Jonathan Pink — Entertainment, Internet and New Media Partner at Lewis Brisbois, LLP Rotating Header Image

Twitter Jitters

Here is some information to pass on to clients or incorporate into your drafting of iron-clad agreements.

 

Turns out that an ever-increasing number of entertainment deals now include contract language that is expressly intended to curb the use of social media by the other contracting party. According to an article in today’s Hollywood Reporter, the goal of this language is to plug “leaks of disparaging or confidential information about productions via the likes of Twitter, Facebook and YouTube.”

 

According to the article, Disney has used such a clause to forbid confidentiality breaches on Facebook, Twitter, and “any other interactive social network or personal blog,” and DreamWorks has one that prohibits the making of any statement via “a social networking site, blog or other Internet-type site” prior to the studio’s own public release of the information. Another studio agreement is broadly drafted to prohibit commentary on “all platforms, including voicemails, blogs, Internet sites, chat or news rooms, podcasts or any online forum,” and at least one talent deal referenced in the article contains a nondisparagement provision prohibiting the actor from “bashing any element of a production with social media.”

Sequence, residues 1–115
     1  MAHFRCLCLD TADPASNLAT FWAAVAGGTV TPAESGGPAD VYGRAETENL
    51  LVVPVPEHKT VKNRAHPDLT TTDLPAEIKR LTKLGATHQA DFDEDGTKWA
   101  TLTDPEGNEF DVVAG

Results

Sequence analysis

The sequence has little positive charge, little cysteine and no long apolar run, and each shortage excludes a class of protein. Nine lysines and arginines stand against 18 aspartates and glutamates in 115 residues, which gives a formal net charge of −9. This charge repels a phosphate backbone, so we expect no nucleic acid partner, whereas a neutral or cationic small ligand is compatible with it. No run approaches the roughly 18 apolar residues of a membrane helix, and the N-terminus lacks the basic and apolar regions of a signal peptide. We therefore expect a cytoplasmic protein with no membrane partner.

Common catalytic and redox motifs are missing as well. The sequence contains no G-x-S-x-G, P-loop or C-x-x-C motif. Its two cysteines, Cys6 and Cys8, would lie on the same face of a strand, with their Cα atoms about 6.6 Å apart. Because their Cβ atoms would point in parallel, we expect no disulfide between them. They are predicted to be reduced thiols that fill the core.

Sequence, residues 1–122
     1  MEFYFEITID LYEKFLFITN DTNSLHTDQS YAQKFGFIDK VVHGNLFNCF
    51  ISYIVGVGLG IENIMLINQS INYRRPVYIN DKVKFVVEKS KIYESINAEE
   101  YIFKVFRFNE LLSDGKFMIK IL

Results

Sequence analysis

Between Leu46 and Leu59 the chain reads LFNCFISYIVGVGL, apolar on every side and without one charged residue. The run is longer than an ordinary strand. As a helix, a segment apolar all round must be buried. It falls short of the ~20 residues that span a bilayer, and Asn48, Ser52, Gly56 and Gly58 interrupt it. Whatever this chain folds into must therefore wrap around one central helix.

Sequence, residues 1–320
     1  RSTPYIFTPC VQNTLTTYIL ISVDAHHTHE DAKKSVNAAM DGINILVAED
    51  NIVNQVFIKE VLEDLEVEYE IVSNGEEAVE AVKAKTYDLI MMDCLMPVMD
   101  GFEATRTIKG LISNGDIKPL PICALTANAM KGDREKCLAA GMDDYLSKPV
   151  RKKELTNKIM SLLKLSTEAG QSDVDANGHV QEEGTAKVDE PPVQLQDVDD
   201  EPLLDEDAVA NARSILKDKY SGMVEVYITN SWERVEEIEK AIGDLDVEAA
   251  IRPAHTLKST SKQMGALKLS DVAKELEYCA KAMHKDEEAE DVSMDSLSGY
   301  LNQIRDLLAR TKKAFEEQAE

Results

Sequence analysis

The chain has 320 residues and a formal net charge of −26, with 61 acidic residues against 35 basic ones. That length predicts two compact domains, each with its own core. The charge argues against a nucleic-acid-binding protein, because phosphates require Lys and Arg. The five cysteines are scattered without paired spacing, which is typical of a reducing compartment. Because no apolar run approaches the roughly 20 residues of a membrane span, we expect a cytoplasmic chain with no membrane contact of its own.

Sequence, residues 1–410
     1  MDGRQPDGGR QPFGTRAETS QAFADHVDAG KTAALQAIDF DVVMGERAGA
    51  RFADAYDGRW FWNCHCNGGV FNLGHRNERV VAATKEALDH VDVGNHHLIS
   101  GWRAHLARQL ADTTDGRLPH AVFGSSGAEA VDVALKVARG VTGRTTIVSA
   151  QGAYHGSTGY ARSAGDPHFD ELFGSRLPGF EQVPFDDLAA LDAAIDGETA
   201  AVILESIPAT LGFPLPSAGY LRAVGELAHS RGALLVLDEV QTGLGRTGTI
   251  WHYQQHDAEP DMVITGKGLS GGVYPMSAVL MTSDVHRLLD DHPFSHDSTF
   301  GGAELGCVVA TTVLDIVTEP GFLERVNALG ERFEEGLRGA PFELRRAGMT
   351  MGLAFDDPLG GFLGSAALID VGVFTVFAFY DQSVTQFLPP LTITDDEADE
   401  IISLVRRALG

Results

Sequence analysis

This once again highlights the potential for both positive and damaging information (truthful or otherwise) being disseminated via social media. It also points out the potential hazard this new avenue of expression poses for our clients, and suggests some steps we may take to protect them. In short, while the Internet has given a voice to millions, it has also given them an audience.

 

Eliminating the traditional “gate keepers” to the public dissemination of information can be great or it can be problematic. As lawyers working in the Internet space, we need to be aware of this, and find ways to shield our clients from the potential dangers. Because of this, we should consider following the lead of the networks and studios by drafting Internet/social media-specific confidentiality clauses in all appropriate agreements. (NDAs, employment agreements, IP licenses and settlement agreements come immediately to mind). If you’re thinking, “doesn’t the confidentiality clause I currently use already cover this?”, the answer is “maybe.” But as those who litigate contracts know, sometimes having the additional, highly specific provision is better. California has a statute that says the specific controls over the general, and I suspect other states have something similar. So if we want to expressly prohibit or limit specific conduct — such as the on line bad-mouthing of our clients — it is better to take the lawyerly “belt and suspenders” approach.

 

Which reminds me: I once saw a man who was actually wearing a belt and suspenders. I don’t think he was a lawyer, but maybe he should have been.

Jonathan Pink is a business lawyer with a specialty in copyright, patent and trademark litigation. His clients include many of the biggest names in the automotive and motorcycle aftermarket parts industries, and one of world's largest media companies. He has extensive experience in a wide range of intellectual property and commercial disputes including breach of contract, fraud, and the misappropriation of trade secrets. He can be reached at 949.223.7173, or at jonathan.pink@bryancave.com, and his full profile can be viewed at www.bryancave.com.

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